Glyphosate is the most widely used herbicide in the nation and a mainstay of weed control for both farmers and homeowners. Over the last 13 years, it has been applied to more than 1 billion acres. But there is a downside to the product’s popularity. Scientists are increasingly concerned about the growing number of weeds developing resistance to glyphosate.
In a recent presentation to the U.S. Environmental Protection Agency, officials from the Weed Science Society of America (WSSA) reported that nine weed species in the U.S. now have confirmed resistance to glyphosate. Among these weeds are strains of common ragweed (Ambrosia artemisiifolia), common waterhemp (Amaranthus rudis), giant ragweed (Ambrosia trifida), hairy fleabane (Conyza bonariensis), horseweed (Conyza canadensis), Italian ryegrass (Lolium multiflorum), johnsongrass (Sorghum halepense), Palmer amaranth (Amaranthus palmeri) and rigid ryegrass (Lolium rigidum).
“Unfortunately it is too late to prevent glyphosate resistance from developing,” says David Shaw, WSSA president. “It’s a problem that is already with us. The challenge now is to adopt effective management techniques that can keep resistance from spreading.”
The consequences of resistance are particularly troublesome for farmers who grow soybeans, corn, cotton and sugar beet crops genetically engineered to tolerate glyphosate. Many of these farmers rely almost exclusively on glyphosate for weed control throughout the growing season. Using a single herbicide, though, increases the odds that the weed population will shift to resistant plants that are able to escape treatment and compete with crops for moisture and nutrients.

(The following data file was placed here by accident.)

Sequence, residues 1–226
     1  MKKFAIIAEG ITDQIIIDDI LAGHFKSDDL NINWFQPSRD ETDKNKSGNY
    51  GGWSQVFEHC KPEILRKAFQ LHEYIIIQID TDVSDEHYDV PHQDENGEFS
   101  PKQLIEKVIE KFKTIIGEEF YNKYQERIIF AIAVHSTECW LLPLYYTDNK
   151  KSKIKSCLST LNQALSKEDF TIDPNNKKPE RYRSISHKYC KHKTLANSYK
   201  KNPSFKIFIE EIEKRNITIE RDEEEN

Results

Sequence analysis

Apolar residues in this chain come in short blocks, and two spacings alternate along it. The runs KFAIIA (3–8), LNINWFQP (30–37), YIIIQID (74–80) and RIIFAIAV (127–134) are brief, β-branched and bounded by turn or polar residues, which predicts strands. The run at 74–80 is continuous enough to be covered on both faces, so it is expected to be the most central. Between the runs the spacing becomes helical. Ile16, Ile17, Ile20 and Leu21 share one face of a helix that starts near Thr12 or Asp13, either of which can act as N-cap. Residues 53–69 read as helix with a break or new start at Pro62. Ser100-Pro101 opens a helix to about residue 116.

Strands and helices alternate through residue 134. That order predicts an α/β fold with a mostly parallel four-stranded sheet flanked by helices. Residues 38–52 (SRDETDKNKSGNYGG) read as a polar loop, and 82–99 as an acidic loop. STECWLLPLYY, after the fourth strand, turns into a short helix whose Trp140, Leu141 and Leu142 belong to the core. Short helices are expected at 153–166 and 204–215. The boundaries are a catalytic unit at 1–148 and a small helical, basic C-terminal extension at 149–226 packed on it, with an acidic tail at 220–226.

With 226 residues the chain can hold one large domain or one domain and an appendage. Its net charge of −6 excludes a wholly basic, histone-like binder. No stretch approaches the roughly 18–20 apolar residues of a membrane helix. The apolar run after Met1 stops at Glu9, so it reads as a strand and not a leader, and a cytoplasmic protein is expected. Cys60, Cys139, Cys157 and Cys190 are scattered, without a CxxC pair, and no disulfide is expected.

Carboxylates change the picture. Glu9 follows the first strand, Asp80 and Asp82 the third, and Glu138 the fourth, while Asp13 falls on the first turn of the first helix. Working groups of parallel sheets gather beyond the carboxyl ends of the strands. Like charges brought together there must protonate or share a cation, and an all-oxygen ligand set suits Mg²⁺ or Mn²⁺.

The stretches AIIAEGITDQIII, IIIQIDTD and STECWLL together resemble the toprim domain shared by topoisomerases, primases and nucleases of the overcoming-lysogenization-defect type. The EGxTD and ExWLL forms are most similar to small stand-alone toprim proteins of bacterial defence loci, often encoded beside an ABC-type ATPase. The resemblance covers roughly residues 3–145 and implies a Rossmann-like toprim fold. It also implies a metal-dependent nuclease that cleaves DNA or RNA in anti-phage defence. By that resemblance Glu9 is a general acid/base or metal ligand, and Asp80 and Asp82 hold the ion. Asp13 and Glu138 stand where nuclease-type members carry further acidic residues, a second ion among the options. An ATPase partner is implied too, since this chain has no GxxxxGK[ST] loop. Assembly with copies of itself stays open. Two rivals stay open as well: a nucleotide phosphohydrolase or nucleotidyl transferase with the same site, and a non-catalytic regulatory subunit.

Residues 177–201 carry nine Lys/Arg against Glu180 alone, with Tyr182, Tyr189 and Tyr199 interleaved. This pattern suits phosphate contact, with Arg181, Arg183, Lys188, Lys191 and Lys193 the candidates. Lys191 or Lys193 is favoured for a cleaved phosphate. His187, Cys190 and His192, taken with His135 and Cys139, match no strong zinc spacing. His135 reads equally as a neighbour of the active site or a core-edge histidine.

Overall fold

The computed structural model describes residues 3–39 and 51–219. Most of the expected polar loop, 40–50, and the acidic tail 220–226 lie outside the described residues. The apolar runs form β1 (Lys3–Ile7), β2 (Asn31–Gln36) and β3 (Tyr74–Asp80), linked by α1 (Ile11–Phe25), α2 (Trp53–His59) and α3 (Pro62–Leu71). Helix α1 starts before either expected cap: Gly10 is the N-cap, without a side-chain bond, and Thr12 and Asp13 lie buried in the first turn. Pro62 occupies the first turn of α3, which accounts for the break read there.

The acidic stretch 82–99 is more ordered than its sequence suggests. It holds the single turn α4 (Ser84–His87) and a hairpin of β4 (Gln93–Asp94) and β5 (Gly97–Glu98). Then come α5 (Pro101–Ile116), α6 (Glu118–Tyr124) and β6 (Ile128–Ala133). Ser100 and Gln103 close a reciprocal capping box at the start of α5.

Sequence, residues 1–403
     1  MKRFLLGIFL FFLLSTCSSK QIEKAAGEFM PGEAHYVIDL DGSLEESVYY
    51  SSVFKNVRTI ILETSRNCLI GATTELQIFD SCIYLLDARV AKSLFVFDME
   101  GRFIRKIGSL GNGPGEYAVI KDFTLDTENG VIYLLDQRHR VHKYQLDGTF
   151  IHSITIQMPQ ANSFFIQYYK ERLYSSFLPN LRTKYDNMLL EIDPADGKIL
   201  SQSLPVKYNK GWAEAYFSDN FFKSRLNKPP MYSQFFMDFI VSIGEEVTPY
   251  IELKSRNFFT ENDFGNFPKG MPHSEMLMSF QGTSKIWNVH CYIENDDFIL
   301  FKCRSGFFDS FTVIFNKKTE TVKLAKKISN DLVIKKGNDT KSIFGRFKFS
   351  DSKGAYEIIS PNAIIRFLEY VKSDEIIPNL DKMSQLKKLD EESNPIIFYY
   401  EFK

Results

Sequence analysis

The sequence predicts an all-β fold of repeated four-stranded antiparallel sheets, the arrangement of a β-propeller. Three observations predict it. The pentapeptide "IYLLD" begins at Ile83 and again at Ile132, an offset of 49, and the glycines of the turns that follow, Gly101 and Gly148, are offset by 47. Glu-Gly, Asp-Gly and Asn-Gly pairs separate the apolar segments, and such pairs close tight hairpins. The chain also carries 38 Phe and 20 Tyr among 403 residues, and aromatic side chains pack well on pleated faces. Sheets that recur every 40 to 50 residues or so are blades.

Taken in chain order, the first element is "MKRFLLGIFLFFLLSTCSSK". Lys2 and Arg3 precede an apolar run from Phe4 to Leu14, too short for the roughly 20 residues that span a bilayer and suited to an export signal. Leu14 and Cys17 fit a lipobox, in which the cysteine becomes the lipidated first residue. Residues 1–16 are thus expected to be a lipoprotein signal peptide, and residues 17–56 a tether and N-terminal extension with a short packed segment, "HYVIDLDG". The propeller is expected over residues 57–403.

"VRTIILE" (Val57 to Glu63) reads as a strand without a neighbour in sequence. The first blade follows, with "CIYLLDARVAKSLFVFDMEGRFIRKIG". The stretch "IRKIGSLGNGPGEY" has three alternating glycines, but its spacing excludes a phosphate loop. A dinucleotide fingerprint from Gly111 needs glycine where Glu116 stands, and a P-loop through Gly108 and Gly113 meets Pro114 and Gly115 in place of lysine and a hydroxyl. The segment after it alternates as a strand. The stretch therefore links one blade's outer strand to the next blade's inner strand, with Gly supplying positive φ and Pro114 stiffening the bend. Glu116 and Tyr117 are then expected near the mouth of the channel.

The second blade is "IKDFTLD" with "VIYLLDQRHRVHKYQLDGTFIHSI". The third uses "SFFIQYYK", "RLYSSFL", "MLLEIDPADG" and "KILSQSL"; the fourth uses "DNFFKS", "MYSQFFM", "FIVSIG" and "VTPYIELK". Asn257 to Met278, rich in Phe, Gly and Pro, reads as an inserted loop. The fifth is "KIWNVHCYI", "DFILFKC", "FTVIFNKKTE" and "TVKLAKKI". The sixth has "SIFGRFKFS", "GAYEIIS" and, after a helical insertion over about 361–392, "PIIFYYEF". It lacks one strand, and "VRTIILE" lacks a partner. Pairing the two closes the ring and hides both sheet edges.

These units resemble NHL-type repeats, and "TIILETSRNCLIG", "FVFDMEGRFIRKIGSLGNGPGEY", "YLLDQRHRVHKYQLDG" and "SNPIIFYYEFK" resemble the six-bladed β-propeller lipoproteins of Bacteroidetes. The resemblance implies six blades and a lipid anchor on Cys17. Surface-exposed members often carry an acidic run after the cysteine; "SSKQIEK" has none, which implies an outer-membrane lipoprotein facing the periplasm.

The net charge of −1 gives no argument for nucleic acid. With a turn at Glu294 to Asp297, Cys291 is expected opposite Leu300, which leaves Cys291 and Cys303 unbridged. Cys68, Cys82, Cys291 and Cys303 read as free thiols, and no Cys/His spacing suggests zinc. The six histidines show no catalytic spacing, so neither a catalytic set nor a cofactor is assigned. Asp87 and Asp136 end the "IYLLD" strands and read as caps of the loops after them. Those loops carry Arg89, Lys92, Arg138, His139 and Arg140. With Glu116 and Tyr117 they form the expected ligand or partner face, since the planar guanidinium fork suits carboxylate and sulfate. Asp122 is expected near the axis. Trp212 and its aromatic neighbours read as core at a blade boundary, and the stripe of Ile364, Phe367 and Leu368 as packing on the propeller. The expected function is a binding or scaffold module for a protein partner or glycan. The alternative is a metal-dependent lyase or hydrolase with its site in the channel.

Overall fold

University scientists recommend a number of techniques for preventing or managing resistance. One of the most common recommendations is to rotate the types of herbicides used for weed control, making it tougher for weeds to adapt. Shaw says that initially many farmers were slow to recognize the seriousness of glyphosate resistance and to adopt this best management practice. However, educational programs in the last few years have greatly increased grower awareness and management efforts.
“One issue may have been the mistaken perception that adopting resistance management practices will cost more, since glyphosate tends to be very affordable,” Shaw says. “But studies show just the opposite is true.”
In a four-year research project now underway in six key agricultural states (Illinois, Indiana, Iowa, Mississippi, Nebraska and North Carolina), researchers are comparing the economics of university-recommended herbicide resistance management programs with the use of glyphosate as an exclusive treatment for weed control. As of the end of the third year of the study, researchers say the net returns on fields managed according to recommended best practices are equal to or greater than the returns on those where glyphosate is used alone. Increased yields appear to offset any increase in herbicide costs.
“When glyphosate was first introduced for weed control, its unique way of inhibiting protein synthesis and growth in plants led many to believe that resistance would not be an issue,” Shaw says. “Obviously that prediction was wrong. However, best management practices can slow the development of resistant weeds, and one effective approach is to rotate glyphosate with herbicides that work very differently.”